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Barbecue Grilling: 5 Fun Facts To Help You Grill Green & Choose The Best Grill

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By Jeffrey

Mmm, can you smell the aroma? Can you hear that sizzle?


It’s May and that means everyone is getting those barbecue grills fired up. In fact, May is actually and officially deemed National Barbecue Month.

We’ve recently talked about the near unbelievable and certainly astronomical adverse effects that your typical gas-powered lawn mower has on the environment, but do our beloved barbecue grills do the same?


What’s The Best Grill?

Ask any barbecue grilling aficionado or award winner what the best type of grill is and, after a look of apparent offense, they’ll tell you that a charcoal grill is the best — hands down.

Personally, I feel the same. I love standing over my bed of red hot coals tending to some tasty salmon, juicy steak, or hand-pressed burgers… with fresh veggies simmering off to the side, of course.

Sorry, I digress.

Due to my personal preference, I admit it is hard to remain unbiased.

But what are the facts about the environmental impacts of the 4 main types of barbecue grills — gas grills (natural gas or propane), electric grills, charcoal grills, or a wood fire?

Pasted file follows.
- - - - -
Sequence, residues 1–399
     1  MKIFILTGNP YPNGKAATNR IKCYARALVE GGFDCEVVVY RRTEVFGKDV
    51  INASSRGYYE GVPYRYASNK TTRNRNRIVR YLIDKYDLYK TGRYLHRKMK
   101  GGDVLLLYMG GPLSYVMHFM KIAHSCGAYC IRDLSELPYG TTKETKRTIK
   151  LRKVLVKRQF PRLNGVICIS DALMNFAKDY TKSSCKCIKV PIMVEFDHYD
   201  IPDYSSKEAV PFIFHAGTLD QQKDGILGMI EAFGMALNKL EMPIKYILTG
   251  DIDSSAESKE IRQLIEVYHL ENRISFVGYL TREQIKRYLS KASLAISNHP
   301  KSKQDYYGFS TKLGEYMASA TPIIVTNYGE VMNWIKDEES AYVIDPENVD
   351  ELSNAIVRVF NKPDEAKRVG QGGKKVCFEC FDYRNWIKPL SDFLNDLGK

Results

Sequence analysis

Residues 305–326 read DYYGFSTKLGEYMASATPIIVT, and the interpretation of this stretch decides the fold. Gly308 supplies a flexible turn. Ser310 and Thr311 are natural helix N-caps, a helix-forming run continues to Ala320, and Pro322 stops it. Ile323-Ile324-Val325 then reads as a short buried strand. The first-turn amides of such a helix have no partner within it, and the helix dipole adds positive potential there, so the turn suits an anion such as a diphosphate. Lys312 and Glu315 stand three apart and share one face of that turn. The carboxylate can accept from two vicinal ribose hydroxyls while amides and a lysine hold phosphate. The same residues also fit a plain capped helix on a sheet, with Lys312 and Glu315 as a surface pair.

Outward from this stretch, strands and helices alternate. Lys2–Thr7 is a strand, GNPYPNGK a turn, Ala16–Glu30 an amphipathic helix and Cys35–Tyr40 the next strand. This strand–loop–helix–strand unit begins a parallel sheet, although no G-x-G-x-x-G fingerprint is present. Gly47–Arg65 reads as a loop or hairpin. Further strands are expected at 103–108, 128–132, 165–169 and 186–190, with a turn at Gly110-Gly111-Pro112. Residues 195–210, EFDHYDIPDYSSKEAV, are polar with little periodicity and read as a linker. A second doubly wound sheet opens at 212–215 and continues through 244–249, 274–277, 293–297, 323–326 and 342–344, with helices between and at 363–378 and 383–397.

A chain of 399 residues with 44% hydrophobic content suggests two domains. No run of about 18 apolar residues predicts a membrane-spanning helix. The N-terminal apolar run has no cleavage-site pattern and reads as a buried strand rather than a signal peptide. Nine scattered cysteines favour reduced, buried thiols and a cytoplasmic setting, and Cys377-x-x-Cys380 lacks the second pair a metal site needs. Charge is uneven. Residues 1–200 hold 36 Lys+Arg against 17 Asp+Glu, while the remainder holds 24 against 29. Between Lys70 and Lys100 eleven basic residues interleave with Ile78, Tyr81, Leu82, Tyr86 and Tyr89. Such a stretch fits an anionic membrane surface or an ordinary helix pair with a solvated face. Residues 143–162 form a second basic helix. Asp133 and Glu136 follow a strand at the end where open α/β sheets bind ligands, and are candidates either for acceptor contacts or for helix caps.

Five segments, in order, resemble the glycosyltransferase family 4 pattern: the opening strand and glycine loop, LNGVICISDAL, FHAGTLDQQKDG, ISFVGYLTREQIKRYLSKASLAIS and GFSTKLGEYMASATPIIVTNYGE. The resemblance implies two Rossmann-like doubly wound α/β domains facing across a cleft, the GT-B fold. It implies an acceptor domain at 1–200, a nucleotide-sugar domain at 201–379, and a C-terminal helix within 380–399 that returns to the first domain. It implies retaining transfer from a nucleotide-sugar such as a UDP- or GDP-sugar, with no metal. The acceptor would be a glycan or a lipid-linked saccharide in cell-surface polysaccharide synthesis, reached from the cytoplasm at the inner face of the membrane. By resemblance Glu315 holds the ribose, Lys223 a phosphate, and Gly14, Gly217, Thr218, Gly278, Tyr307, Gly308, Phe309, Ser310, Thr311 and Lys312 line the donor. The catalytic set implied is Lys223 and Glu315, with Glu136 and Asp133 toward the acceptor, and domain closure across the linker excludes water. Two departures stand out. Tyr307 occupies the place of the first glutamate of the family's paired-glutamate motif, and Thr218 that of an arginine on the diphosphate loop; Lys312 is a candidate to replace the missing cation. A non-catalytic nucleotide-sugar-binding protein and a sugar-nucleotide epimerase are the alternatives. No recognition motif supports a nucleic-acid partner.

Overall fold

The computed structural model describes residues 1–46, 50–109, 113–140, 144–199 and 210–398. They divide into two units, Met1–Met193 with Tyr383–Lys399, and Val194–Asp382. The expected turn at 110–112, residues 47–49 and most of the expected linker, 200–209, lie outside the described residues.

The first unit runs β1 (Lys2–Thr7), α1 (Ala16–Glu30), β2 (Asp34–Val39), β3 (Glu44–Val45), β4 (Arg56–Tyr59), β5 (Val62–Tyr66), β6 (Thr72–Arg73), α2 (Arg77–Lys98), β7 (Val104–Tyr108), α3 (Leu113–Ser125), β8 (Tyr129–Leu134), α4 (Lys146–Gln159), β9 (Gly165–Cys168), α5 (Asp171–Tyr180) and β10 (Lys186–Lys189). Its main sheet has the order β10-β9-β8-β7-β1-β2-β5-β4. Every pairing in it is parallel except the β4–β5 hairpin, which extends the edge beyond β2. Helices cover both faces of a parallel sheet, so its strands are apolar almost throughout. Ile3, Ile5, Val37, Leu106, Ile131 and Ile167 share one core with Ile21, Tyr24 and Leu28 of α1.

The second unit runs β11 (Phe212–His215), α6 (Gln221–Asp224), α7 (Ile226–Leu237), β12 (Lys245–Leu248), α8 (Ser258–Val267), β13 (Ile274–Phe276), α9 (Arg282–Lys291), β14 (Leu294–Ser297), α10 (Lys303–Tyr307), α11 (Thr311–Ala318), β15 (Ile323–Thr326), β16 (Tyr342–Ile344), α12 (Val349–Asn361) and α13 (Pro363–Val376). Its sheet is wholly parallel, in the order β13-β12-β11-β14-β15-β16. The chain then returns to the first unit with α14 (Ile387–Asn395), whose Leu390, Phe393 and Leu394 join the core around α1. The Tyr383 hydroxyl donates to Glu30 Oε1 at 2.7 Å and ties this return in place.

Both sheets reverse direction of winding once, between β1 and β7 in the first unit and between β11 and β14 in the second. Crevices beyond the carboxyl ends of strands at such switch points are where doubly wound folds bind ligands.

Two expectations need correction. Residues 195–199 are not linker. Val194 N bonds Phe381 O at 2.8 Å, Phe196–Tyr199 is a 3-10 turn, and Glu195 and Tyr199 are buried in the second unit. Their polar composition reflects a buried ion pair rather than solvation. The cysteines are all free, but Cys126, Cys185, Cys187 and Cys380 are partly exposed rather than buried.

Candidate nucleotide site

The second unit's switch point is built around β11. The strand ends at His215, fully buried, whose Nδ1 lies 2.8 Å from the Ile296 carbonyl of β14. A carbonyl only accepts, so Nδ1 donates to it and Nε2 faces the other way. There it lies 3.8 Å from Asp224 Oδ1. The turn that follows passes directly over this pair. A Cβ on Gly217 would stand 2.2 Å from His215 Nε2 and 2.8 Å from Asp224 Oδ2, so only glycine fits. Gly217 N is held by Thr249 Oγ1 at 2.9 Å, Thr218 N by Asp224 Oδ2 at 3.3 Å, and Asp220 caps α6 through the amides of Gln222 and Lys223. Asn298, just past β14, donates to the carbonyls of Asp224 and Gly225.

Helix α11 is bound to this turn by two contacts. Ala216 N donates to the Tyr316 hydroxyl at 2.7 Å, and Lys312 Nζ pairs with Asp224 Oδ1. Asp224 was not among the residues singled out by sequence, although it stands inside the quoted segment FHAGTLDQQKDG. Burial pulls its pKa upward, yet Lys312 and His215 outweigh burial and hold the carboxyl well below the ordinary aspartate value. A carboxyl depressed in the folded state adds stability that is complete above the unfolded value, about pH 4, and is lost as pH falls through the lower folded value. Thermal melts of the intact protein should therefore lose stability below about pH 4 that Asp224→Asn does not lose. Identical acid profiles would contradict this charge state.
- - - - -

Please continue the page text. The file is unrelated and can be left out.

Environmental Impact Of Barbecue Grills

The following barbecue grilling facts are from an article on Grist.org and one on TheGreenGuide.com:

  • Gas powered grills are the most efficient and natural gas is the cleanest, most energy-efficient way to barbecue. However, since both are also petroleum products, they are nonrenewable resources that exact a high toll on the environment.”
  • Charcoal and wood are the worst polluters, and unless they come from well managed forests, their production contributes to deforestation. However, they have a clear advantage when it comes to flavor.”
  • “If you use charcoal, do not buy conventional charcoal briquettes, which may contain a number of unhealthy ingredients like coal dust, sodium nitrate and borax.”
  • “There’s also no need to use petroleum lighter fluids, which can leave an unhealthy residue on your food and are just not necessary.” Use a charcoal chimney to start the coals instead.
  • “The Rainforest Alliance Smartwood program has certified Char-Broil products, including their mesquite and hickory wood chips.”


I’ve only heard of one credible natural charcoal product. TreeHugger.com posted about it last month, and it is called Cowboy Charcoal. Guess what? Their sales office is located here in Middle Tennessee, down in Brentwood for all you local readers.

UPDATE: Cowboy Charcoal can be purchased in 8.8 pound bags at Lowe’s Home Improvement or in 20 pound bags at Ace Hardware.